Wondery executives declined to disclose finances, but they said that the business is profitable and that it has raised $15 million from investors. Last year, after raising $10 million, Wondery was valued at more than $100 million.
Bloomberg, which first reported on Wondery exploring a sale, said the company could fetch $300 million to $400 million.
Wondery has had discussions with companies including Sony, according to two people familiar with the matter who declined to be named because they were not authorized to comment. Other potential buyers could include Spotify and Apple, sources said. A person close to Spotify said they are not considering buying Wondery. Apple declined to comment.
“We have heard a wide variety of valuations,” said Norm Pattiz, executive chairman of PodcastOne, a Beverly Hills-based podcast network that was purchased by LiveXLive in an all-stock transaction in July. “A lot of deals have been done, so clearly it’s a good time to be a seller. The next couple of years will show whether the buyers made the right deals or not.”
Lopez, of Los Angeles, was previously head of Fox International Channels, a division of 21st Century Fox. He left the company in 2016. That same year, he founded Wondery, later receiving financial backing from Fox and other investors.
He recalled when the digital video recorder TiVo came onto the market and series like “The Sopranos” changed the way TV shows were made and consumed.
“There was a change in technology in television that changed not only the way people watch television but the kind of television that got made and watched and was popular,” Lopez said. “I had the idea that the same thing was going to happen to audio.”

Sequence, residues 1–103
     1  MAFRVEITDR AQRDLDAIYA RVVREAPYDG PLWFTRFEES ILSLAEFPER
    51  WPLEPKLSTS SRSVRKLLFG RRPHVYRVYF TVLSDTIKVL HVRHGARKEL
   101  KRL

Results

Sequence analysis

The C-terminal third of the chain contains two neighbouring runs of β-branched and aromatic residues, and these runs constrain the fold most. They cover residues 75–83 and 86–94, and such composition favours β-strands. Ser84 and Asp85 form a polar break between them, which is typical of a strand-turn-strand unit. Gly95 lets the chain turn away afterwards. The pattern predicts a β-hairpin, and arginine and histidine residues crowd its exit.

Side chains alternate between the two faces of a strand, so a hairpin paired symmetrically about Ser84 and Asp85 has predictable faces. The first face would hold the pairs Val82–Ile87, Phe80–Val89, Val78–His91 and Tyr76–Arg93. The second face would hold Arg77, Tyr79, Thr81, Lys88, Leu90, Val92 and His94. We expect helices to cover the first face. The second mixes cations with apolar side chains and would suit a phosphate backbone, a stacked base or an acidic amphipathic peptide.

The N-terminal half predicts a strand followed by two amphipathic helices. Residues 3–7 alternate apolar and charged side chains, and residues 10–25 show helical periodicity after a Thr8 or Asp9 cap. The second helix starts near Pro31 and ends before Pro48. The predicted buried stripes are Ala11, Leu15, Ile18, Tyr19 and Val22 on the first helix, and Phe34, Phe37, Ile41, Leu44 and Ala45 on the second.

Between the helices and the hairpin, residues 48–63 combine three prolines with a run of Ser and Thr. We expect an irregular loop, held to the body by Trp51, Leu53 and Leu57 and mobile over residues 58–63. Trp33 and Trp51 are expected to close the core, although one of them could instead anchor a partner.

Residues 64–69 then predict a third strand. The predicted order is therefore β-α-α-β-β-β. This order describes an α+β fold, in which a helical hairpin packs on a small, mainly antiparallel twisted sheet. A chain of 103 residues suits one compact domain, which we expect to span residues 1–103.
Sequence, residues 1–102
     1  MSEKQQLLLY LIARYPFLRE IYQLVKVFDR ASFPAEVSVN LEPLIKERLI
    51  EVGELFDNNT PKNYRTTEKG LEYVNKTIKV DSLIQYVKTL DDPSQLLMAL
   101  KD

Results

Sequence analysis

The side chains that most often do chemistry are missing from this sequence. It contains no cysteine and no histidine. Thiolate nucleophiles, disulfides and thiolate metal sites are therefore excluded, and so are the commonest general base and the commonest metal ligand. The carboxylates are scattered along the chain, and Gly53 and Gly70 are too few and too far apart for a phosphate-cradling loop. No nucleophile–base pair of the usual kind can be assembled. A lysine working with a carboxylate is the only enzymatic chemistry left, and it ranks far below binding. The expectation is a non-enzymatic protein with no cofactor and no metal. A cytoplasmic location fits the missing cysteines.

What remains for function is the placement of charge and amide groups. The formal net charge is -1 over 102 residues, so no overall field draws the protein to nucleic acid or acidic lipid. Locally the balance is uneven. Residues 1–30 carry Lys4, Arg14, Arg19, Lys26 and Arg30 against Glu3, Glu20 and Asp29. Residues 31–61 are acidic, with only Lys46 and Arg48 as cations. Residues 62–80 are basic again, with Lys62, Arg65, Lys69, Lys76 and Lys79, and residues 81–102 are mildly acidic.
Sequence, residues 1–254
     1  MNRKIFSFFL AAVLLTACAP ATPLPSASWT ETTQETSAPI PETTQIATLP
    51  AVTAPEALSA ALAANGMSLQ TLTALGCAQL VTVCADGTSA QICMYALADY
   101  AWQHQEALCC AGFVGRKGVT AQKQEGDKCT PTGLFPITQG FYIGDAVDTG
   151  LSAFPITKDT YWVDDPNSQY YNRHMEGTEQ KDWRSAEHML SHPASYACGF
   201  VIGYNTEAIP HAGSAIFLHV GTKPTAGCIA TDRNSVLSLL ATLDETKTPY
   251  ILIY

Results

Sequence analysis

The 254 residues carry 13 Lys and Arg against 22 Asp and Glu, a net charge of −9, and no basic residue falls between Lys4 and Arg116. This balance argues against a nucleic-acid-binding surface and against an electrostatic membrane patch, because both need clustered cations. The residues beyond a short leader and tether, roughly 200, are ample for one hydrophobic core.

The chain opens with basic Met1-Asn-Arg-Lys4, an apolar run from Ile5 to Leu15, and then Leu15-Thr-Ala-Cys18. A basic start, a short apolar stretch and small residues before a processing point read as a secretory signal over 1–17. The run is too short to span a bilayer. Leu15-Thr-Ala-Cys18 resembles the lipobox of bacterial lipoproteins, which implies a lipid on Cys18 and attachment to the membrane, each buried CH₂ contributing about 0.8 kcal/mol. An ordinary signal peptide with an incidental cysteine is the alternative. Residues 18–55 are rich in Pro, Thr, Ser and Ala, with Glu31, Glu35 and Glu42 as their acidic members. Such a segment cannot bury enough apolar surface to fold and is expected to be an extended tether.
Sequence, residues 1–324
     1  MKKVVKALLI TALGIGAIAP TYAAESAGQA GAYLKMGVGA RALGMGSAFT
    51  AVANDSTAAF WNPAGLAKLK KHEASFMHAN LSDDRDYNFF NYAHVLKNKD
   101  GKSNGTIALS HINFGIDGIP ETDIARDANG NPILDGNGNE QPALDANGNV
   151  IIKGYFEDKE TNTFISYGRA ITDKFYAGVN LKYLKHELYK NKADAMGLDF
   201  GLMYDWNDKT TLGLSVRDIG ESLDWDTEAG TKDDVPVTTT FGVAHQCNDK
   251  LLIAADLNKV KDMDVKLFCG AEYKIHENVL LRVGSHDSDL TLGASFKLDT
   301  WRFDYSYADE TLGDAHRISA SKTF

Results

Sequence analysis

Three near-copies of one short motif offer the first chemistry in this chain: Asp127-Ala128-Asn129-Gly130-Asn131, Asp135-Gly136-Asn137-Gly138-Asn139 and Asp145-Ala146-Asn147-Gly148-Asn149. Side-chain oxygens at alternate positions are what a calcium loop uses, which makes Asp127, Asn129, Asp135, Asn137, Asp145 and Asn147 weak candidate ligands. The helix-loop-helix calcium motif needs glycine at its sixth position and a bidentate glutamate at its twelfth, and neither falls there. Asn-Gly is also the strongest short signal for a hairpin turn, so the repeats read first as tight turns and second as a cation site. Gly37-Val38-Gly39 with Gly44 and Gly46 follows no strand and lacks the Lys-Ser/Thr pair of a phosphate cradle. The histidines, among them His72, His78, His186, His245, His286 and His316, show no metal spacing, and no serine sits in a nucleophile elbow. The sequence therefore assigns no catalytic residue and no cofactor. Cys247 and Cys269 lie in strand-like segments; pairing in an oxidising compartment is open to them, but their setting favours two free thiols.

The studio scored a hit with “Dirty John” — it also produced and marketed two other Times podcasts, “Man in the Window” and “Detective Trapp.” Wondery’s own originals also proved popular, including “Dr. Death,” which premiered in 2018. The series, which focused on a Texas doctor accused of medical malpractice, attracted 17.5 million listeners in its first season.
The podcast has been developed into a TV show that will run on Peacock, NBCUniversal’s new streaming service and stars Joshua Jackson, Alec Baldwin and Christian Slater.
To date, Wondery has produced more than 50 original podcasts and has 16 shows in TV development. Many have reached No. 1 on Apple Podcasts.
Wondery had a U.S. audience of more than 8 million listeners in October, making it the sixth largest podcasting publisher in the country, according to Podtrac.
With employees based in West Hollywood, New York, San Francisco, Portland, Ore., and London, Wondery now employs 70 people. Earlier this year, it expanded its West Hollywood office, adding a new recording studio, to keep pace with the growth.